Why (and How) to Apply Business Intelligence and Data Analytics to Restaurant Technology

Business intelligence and data analytics solutions are transforming the restaurant industry. Now more than ever, new systems are empowering owners and managers to optimize service, boost guest engagement, enhance menu performance, slash waste, and much more.

Yet very few restaurants are applying business intelligence and data analytics to the “technology stack” deployed at each location. At a time when most food and beverage leaders wouldn’t consider launching a new concept without a deep dive into the data, most lack even basic information about technology maintenance that could drive cost-saving, satisfaction-enhancing change. As the industry gets on the road to recovery, this will be more important than ever. 

Maintenance is Often Overlooked

If there is a common industry attitude toward technology, it is this: The majority of companies will give acquisition and deployment choices close scrutiny. But they will devote little strategic thought to longer term maintenance and support.

The return on that well-considered investment in interactive menus, guest Wi-Fi, or networking equipment deployed to improve food delivery, however, depends heavily on how the technologies perform day to day. When the kitchen relies on its electronic ordering system and customers expect a seamless experience with a tabletop POS system, any outage can lead to chaos, disappointment, and lost business.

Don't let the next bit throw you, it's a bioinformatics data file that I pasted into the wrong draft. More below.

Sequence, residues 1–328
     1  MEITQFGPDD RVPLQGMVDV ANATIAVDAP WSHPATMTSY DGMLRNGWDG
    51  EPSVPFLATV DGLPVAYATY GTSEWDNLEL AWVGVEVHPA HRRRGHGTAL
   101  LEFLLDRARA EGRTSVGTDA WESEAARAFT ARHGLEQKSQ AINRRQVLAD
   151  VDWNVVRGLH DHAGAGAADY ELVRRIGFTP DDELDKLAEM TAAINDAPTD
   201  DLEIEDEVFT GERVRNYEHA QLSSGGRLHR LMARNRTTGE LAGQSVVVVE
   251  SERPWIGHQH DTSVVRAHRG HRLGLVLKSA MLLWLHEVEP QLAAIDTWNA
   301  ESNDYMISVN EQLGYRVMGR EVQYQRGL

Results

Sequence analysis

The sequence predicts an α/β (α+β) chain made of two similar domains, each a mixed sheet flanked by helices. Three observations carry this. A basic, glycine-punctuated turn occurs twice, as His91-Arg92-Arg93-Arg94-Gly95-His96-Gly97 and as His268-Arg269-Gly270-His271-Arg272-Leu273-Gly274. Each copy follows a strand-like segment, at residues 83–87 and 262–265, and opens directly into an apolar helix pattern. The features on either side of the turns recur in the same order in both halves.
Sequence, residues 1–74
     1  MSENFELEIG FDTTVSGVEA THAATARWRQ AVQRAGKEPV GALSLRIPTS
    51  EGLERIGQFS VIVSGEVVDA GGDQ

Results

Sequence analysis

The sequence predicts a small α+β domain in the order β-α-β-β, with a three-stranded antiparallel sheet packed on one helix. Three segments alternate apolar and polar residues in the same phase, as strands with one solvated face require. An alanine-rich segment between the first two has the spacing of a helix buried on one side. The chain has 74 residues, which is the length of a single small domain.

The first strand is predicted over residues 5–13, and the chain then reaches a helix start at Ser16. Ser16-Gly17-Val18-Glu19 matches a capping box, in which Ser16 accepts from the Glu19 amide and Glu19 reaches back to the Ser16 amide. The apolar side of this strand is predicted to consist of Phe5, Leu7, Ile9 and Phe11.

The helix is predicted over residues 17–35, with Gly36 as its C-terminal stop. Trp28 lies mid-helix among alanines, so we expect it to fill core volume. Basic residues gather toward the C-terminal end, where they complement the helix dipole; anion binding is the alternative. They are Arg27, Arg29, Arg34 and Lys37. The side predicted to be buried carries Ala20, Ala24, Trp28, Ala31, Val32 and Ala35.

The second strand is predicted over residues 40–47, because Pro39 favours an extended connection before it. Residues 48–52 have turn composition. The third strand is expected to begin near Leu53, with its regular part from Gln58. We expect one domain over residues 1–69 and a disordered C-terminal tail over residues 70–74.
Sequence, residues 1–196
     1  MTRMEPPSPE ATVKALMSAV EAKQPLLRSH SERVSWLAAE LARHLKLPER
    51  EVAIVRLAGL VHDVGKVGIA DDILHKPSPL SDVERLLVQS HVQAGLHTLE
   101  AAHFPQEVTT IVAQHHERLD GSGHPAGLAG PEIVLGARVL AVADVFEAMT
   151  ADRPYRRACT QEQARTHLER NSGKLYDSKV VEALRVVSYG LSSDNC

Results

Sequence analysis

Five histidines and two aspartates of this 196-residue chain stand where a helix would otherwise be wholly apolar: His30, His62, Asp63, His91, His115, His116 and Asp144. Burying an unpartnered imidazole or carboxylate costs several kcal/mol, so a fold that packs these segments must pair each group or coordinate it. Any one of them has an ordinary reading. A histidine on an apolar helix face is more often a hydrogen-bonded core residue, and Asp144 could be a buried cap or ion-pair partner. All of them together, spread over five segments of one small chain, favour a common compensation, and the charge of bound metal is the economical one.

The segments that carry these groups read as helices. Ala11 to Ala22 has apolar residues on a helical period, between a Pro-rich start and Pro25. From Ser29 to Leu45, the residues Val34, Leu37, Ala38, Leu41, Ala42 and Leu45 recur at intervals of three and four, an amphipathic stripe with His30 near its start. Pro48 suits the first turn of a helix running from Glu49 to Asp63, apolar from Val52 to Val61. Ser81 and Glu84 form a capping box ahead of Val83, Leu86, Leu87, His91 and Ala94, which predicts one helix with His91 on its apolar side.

The shift to cloud-based applications has not changed the equation. Restaurants’ technology infrastructure has become more complex and the network even more vital to the customer experience. Downtime is no recipe for success.

Support Models Don’t Capture the Details

Sadly, the technology support models most restaurants employ aren’t conducive to capturing data about systems and failures. Most companies rely on one of two approaches:

Location-Centric Support

In many cases, local staff are left to their own devices, armed only with a manual of basic troubleshooting instructions and vendor contact information. Not only does having managers and wait staff handle the triage process detract from customer service, the problems and their resolutions are not tracked or analyzed.

Centralized IT with OEM Backup

Some large restaurant companies employ a centralized IT department to provide more tailored assistance to the locations. Even so, the vast majority still use the various original equipment manufacturers (OEMs) for advanced troubleshooting and break/fix. OEMs are rarely transparent about their support, so restaurant operators remain in the dark about what happened with their technology systems and, most importantly, why.

A simple example, a large -restaurant group could consistently experience the exact same failure in their POS system whenever one reaches three years in service but never make that connection. As a result, the technology decision-makers cannot wisely choose to proactively upgrade or maintain the system at the end of the second year to boost reliability and customer satisfaction.   

With Data Comes Decision-Making Power